No one should be surprised by the financial insecurity of the majority of Hawaiʻi residents, but high levels of consumer debt add another worrying element to Hawaiʻi’s fragile financial health.
The best Capital Improvement Project (CIP) investment for Hawaiʻi—building affordable housing—is slated for just 4 percent of coronavirus response spending on CIPs.
The coronavirus pandemic has highlighted the fragility of Hawaii’s acclaimed health insurance system that relies on employer-sponsored plans.
The Great Recession’s federal stimulus program focused on building projects while CARES is putting more money directly into the pockets of residents and business owners.
Hawaiʻi’s post-COVID-19 economy should be one in which everyone has the opportunity to thrive. The design of this new economy must be informed by an understanding that the old economic order had been failing many Hawaiʻi residents for decades.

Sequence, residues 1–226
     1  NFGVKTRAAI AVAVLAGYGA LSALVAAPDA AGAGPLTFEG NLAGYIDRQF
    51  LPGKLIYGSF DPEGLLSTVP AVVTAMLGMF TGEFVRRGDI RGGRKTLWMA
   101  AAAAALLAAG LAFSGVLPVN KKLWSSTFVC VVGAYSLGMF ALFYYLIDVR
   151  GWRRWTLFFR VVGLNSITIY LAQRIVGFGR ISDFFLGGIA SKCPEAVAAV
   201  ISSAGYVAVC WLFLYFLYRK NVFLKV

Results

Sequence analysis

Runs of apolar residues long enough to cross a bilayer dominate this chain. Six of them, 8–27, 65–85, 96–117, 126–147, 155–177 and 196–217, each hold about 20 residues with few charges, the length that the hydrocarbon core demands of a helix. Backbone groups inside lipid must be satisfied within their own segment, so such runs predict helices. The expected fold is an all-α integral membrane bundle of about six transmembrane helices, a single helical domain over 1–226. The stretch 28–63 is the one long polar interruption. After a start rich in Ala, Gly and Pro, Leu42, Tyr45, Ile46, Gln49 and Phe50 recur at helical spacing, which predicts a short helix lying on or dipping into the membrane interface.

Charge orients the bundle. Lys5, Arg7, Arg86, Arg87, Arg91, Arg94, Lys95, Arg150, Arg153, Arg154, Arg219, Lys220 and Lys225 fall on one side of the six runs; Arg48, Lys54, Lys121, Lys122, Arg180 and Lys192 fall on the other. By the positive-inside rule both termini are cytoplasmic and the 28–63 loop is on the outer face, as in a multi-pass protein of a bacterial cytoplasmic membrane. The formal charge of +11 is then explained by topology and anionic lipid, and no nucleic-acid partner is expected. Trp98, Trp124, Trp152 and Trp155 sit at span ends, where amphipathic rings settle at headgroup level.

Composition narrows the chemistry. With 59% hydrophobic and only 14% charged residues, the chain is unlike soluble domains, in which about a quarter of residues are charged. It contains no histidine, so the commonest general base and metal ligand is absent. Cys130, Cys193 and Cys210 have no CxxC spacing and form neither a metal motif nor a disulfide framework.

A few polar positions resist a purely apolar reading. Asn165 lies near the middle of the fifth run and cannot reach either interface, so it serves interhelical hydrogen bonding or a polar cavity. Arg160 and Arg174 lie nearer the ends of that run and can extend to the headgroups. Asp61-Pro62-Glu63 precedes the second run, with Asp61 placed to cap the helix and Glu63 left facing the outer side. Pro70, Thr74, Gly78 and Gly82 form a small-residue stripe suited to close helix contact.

The State of Hawaiʻi will receive $1.8 billion in federal relief funding through the CARES Act. Here's a breakdown of where that funding will go.
As legislators scramble to make up a $1 billion revenue deficit, it's critical that they look to progressive revenue options to prevent budget cuts.
As lawmakers grapple with a $1 billion budget shortfall, advocates for the poor are warning them not to repeat the mistakes of the past.
An over-relience on a single, globally-connected industry such as tourism has resulted in a dramatic, tenfold spike in Hawaiʻi's unemployment rate.
A cut to the public sector so would prolong unemployment and lead to poorer health, lost productivity and a drop in economic security.